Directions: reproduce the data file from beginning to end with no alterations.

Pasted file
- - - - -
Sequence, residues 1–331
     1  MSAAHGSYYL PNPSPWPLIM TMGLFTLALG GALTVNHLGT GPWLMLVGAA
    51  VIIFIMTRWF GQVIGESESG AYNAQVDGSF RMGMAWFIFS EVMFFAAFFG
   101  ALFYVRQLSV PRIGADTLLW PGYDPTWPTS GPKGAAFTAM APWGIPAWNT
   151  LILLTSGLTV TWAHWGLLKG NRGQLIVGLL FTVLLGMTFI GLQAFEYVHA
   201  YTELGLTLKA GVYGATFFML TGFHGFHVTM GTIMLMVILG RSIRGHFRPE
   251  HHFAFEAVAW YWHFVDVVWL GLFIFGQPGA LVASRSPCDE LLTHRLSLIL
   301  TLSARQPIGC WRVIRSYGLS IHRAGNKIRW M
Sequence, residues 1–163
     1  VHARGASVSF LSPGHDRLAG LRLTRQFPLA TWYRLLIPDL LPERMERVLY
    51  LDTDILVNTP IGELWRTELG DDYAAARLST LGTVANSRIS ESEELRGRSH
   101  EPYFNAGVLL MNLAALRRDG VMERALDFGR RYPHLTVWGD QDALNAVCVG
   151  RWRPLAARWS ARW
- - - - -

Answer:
Sequence, residues 1–331
     1  MSAAHGSYYL PNPSPWPLIM TMGLFTLALG GALTVNHLGT GPWLMLVGAA
    51  VIIFIMTRWF GQVIGESESG AYNAQVDGSF RMGMAWFIFS EVMFFAAFFG
   101  ALFYVRQLSV PRIGADTLLW PGYDPTWPTS GPKGAAFTAM APWGIPAWNT
   151  LILLTSGLTV TWAHWGLLKG NRGQLIVGLL FTVLLGMTFI GLQAFEYVHA
   201  YTELGLTLKA GVYGATFFML TGFHGFHVTM GTIMLMVILG RSIRGHFRPE
   251  HHFAFEAVAW YWHFVDVVWL GLFIFGQPGA LVASRSPCDE LLTHRLSLIL
   301  TLSARQPIGC WRVIRSYGLS IHRAGNKIRW M
Sequence, residues 1–163
     1  VHARGASVSF LSPGHDRLAG LRLTRQFPLA TWYRLLIPDL LPERMERVLY
    51  LDTDILVNTP IGELWRTELG DDYAAARLST LGTVANSRIS ESEELRGRSH
   101  EPYFNAGVLL MNLAALRRDG VMERALDFGR RYPHLTVWGD QDALNAVCVG
   151  RWRPLAARWS ARW